The word used as synonymous with the word love in these verses is charity, and it’s used primarily as a noun. There is much to say about God’s love when a Christian is operating in it toward others and whether the recipients of such are believers or unbelievers.

1 Corinthians 13:4 Charity suffereth long…

Charity (God’s agape love) is patient in bearing the offenses and injuries of others. It has a long mind.44 Stay with me in looking at another part of the same verse.

1 Corinthians 13:4 …charity envieth not…

God’s love is not [grieved] because another possesses a greater portion of earthly, intellectual, or spiritual blessings.45 Take a look at the next verse, which follows this one.                                                   

1 Corinthians 13:5 …seeketh not her own…

Charity does not seek one’s own happiness to the injury of another.

To find out another perspective about God’s love, please go to the book of Romans.


Romans 13:8

Owe no man any thing, but to love one another: for he that loveth another hath fulfilled the law.

This is an interesting verse, which talks about the fact that if we owe someone a debt, we must make sure we pay it back. Why? Because this is an expression of God’s love in interpersonal relationships. God’s love is responsible for its actions.

Go forward in your Bible to the book of 1 John.


1 John 3:16

Hereby perceive we the love of God, because he laid down his life for us: and we ought to lay down our lives for the brethren.

As we perceive (gain spiritual knowledge by experience) the love of God expressed in the laying down of His life for us, because of our response to such, we will have become the recipients of salvation.46 And likewise, we should lay down our life (by giving our time, care, prayers, substance47) for the brethren.

What else can we learn about God’s love?

1 John is where we should go next.


Suggested Reading: 1 John 4:7-19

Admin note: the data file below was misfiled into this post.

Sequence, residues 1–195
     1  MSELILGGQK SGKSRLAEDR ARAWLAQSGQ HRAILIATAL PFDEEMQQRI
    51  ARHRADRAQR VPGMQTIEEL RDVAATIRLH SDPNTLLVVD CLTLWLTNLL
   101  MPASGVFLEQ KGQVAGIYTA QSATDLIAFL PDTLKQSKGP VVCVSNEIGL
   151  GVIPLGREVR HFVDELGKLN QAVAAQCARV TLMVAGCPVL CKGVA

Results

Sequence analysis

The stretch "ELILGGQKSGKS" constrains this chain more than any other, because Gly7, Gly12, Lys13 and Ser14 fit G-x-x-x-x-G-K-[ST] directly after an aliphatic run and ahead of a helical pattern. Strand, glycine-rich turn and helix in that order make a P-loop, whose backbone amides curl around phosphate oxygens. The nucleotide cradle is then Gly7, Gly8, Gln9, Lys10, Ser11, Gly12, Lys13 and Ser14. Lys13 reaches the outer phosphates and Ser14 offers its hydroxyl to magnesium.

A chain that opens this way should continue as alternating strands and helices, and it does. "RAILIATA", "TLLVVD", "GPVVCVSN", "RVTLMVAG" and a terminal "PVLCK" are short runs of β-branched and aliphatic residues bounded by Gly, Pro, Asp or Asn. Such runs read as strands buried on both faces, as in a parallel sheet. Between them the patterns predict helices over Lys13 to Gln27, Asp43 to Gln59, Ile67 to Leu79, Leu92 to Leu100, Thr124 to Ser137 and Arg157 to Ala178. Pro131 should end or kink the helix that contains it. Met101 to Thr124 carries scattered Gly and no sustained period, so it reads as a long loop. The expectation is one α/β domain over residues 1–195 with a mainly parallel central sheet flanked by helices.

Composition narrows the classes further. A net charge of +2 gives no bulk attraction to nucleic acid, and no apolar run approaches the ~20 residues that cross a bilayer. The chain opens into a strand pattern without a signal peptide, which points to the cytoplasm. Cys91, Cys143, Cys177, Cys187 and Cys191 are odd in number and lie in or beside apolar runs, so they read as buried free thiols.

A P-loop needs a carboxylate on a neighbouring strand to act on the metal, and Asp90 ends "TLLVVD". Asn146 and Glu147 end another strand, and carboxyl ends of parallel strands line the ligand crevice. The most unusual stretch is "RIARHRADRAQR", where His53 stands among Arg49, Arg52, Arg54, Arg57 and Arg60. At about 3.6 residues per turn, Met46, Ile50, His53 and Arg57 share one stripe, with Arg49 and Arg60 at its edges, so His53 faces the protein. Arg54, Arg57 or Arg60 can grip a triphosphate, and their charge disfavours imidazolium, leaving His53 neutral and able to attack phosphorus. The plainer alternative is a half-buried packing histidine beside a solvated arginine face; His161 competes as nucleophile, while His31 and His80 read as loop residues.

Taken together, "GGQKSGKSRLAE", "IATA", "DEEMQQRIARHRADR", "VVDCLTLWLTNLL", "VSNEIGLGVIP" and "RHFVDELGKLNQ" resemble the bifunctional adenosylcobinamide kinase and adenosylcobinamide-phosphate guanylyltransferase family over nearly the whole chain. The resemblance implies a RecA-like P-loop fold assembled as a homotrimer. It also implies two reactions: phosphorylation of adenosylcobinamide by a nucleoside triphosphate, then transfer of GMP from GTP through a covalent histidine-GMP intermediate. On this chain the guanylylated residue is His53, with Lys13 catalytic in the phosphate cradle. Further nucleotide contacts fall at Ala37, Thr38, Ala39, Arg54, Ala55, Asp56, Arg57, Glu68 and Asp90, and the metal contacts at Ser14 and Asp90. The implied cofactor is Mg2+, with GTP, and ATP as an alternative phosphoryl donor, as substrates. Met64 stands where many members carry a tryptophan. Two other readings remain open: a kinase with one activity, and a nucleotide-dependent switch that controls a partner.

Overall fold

7 Beloved, let us love one another: for love is of God; and every one that loveth is born of God, and knoweth God.   

The apostle John instructed believers to habitually love one another (be ready to promote each other's welfare, both spiritual and temporal48).

The next verse talks about God’s love operating in marriage.     


Ephesians 5:25

Husbands, love your wives, even as Christ also loved the church, and gave himself for it;

Husbands are instructed by the apostle Paul to love their wives (to give himself in self-sacrifice for the well-being of the one who is loved;49 to promote the salvation of their wives, and their constant edification in righteousness;50 to seek the highest good for another person51), even as Christ loved the church and gave of Himself to redeem it.

Let’s proceed onward to the book of Galatians.


Galatians 5:13

For, brethren, ye have been called unto liberty; only use not liberty for an occasion to the flesh, but by love serve one another.

Brethren, you have been called unto liberty (through the Spirit free from the power of sin in his daily life; and free from the Law with its demands and threats52). Only use not this liberty for an occasion to the flesh (to indulge the sinful nature or as a furtherance to corrupt passions53), but by the love of the Spirit (divine love; [such love] means death to self, and that means defeat for [sin] since the essence of sin is self-will and self-gratification54) serve one another (to do that which is for the advantage of someone else55).